I’d like to start a conversation about iNatting / nature hikes / field work while injured or handicapped. I’ve seen a few mentions on the forums of people using canes or tripods due to injury, or working with others who have limited mobility/etc. So I know I’m not the only one here dealing with temporary / chronic injury while also being an active iNatter.
edit: I hope it wasn’t unclear, but this isn’t about my personal problems. Im hoping it can be a starting point for talking about what is an often-neglected section of the community. Please share your own stories, and if you don’t have any of your own, remember that acknowledging someone else’s struggle can make as big a difference to them as providing a solution or work-around.
I’m grateful for the kind responses, in the meantime.
I’ve got an injury from my military service. I can’t go into any details, but I came out of the IDF with badly injured elbows, on both sides. I’ve mostly recovered since – though it took about a year of physical and occupational therapy – but I’m still limited in notable ways.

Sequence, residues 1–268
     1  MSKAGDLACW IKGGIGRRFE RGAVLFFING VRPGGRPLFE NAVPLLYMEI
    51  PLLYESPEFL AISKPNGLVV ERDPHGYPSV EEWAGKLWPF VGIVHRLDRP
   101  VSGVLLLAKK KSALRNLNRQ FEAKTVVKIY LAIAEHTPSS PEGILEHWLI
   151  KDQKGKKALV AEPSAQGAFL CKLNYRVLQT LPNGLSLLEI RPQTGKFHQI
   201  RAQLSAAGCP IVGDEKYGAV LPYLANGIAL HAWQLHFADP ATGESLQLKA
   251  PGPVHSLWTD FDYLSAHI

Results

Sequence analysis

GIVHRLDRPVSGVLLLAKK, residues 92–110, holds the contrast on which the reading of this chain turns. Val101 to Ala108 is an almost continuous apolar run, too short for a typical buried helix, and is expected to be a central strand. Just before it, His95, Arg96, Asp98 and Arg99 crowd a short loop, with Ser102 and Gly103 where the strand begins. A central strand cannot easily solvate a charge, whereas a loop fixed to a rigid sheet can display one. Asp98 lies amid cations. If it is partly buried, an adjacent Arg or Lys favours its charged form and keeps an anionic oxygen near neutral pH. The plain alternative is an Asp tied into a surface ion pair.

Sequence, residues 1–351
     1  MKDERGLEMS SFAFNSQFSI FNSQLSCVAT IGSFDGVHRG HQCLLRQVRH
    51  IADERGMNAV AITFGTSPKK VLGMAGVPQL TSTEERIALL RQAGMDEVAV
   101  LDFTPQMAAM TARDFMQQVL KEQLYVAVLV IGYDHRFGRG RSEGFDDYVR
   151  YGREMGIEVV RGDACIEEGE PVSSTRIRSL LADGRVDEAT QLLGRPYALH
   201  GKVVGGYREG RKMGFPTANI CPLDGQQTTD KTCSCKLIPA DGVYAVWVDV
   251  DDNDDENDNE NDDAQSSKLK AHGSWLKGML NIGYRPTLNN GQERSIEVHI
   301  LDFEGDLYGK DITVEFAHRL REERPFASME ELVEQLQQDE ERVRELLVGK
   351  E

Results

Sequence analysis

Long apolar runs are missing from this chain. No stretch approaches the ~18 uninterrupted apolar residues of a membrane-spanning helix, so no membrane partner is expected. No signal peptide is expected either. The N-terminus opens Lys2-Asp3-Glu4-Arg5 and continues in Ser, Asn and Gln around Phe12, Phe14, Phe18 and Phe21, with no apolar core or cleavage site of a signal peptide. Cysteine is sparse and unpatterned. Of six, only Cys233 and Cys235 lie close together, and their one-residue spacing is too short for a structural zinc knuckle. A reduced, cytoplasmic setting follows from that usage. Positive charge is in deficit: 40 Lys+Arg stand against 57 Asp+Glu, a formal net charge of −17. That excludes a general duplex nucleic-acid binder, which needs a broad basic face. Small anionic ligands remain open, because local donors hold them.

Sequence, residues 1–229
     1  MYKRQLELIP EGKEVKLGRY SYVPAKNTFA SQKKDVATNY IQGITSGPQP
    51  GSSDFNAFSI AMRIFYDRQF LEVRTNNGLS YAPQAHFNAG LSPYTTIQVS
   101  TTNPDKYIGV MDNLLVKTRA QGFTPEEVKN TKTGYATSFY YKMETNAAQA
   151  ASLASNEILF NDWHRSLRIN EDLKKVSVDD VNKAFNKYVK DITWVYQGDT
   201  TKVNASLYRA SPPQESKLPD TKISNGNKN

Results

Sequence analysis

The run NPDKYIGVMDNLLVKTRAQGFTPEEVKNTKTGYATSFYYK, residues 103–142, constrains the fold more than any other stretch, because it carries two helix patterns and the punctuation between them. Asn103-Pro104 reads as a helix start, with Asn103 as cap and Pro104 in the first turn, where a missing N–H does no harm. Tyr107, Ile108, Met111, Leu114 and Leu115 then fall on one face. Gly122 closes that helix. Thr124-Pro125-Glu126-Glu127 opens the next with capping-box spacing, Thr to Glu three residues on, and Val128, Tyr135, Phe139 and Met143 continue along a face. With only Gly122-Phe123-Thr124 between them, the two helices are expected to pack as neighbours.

(I also came out of it with PTSD and a moderate anxiety disorder, but in that aspect, iNat only helps. I find going outside and immersing myself in nature to be an excellent supplement to my prescribed medications and therapy).
Lifting heavy objects is easy, since my muscles are as strong as any average twenty-two year old’s should be. That doesn’t help me, because my tendons are the problem. If I’m not paying attention I can easily (re-)injure myself. And I have, incapacitating myself for days at a time because of one mistake.
As a result, my “field kit” cannot contain anything weighing over a kilogram or so. Using a DSLR camera is completely out of the question. Even my Canon Powershot is, for me, a strain to hold at arm’s length for more than a few seconds.
At least, my hands don’t shake. Or at least not any more. I’m grateful for that. I’m sure anyone IDing my insect observations is grateful, too :)
I don’t take field notes, but it would be difficult for me to do so, as one of the specific things that makes my tendons flare up in pain is writing. I’m not sure how I’d get around that one. I use a tablet to take notes in school, and I type (which also hurts, but MUCH less).